Some Christians will object that a lack of laws regulating morality will result in declining moral standards. To this I would ask when morality has ever been effectively governed by laws. To be sure, I believe that there is a correlation between the morality of government and the morality of society, but I think that many Christians have inverted this relationship. A moral society will make a moral government. However, once society begins to slide downward into immorality, it will change the laws to reflect its new moral code. The only effective guard against a society’s moral decline is the continual appeal to the hearts and minds of its people by social institutions like the church.

C.S. Lewis once noted that all human institutions tend toward decay. Because of this, legal theorist Richard Epstein observed that, “the study of human institutions is always a search for the most tolerable imperfections.” It is my belief that it is more tolerable and wiser for Christians not to give government the rope that they will eventually use to hang us. Christians should understand that the libertarian mindset is not one that necessarily embraces immorality, but one that understands that the moderation of morality is a social function, not a government one.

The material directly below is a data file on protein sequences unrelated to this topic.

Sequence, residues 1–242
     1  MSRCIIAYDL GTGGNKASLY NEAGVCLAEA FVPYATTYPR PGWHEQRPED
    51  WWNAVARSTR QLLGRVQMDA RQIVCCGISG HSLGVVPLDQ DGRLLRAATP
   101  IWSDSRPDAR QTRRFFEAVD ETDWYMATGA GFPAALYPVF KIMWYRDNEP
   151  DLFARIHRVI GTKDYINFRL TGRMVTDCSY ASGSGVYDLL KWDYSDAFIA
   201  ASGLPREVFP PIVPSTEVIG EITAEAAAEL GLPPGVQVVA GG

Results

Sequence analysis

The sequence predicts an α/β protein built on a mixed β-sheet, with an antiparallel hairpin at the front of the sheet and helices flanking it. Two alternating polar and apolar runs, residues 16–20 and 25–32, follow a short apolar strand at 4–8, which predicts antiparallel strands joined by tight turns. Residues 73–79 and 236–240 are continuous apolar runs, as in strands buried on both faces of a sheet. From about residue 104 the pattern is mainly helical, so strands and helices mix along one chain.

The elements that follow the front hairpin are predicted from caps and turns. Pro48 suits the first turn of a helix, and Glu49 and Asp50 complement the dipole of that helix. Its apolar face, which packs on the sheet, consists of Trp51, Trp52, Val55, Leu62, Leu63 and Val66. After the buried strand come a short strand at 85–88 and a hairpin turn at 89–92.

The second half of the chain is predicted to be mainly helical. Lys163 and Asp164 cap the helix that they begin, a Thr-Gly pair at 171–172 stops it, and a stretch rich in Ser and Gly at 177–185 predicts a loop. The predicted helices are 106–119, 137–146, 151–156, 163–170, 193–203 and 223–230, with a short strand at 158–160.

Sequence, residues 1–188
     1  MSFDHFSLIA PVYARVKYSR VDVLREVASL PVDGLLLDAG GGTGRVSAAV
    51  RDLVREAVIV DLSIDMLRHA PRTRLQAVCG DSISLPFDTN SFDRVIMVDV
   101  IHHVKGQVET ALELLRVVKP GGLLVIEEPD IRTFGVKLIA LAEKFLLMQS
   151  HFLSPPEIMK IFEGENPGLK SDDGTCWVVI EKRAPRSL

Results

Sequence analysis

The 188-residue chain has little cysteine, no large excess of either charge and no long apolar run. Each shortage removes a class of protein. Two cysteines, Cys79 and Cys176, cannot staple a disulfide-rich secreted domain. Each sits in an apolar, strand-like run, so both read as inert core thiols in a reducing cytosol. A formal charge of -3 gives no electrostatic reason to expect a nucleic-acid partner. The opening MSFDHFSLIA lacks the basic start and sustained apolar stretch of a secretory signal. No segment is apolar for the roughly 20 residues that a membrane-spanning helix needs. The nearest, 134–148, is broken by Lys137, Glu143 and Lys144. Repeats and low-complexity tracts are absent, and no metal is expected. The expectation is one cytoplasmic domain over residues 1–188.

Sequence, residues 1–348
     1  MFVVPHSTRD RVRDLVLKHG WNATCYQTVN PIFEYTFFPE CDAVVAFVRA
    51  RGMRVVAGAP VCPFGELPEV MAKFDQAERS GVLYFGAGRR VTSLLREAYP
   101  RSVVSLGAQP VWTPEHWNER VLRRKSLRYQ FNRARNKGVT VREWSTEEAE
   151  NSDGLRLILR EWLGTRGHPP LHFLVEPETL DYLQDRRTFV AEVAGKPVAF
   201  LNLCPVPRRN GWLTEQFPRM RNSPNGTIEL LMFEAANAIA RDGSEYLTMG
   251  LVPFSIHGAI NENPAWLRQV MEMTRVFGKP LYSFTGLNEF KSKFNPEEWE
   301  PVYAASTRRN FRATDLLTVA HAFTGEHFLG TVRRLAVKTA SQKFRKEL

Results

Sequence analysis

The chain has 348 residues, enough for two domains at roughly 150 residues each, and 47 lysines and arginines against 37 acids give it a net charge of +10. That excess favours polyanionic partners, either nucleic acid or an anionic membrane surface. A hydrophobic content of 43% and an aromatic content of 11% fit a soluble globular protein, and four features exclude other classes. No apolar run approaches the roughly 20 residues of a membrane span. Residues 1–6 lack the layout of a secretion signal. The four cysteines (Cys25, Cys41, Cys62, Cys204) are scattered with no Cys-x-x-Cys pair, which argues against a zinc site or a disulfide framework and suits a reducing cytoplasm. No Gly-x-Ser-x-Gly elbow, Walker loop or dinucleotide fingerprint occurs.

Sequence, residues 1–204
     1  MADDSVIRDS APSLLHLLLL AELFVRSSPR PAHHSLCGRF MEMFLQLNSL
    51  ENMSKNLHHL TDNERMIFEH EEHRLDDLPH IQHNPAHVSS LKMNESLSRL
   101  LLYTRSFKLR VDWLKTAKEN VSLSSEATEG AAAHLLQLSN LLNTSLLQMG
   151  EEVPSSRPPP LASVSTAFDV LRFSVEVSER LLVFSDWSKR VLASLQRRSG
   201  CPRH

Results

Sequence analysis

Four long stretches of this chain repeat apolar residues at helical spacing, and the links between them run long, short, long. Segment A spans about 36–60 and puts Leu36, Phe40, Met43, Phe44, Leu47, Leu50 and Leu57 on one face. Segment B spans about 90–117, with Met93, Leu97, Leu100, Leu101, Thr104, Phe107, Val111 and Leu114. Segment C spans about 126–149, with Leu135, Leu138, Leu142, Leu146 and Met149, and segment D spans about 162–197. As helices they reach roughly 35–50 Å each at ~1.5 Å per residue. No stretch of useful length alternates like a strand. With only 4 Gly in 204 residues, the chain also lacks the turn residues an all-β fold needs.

Libertarianism is nothing more than a political philosophy about the scope of government. When its adherents say that government should not be involved in questions of morality they are not saying that morality itself is not important.

Ultimately what libertarians believe is that to give government the power of deciding morality is to unwisely place an important issue in incapable and unsafe hands.

2 Replies to “A Libertarian Perspective on Morality”

  1. “However, once society begins to slide downward into immorality, it will change the laws to reflect its new moral code.” Very true! I see so many Christians just banging their heads against brick walls with the fight against abortion and gay marriage in particular.

  2. ” It is my belief that it is more tolerable and wiser for Christians not to give government the rope that they will eventually use to hang us. ”

    I strongly agree with this. Christians have abdicated their responsibility and allowed the state to dictate things it has no business dictating. We’ve largely had a Christian culture and so haven’t had to deal with much adversity. However, I believe the tides are turning.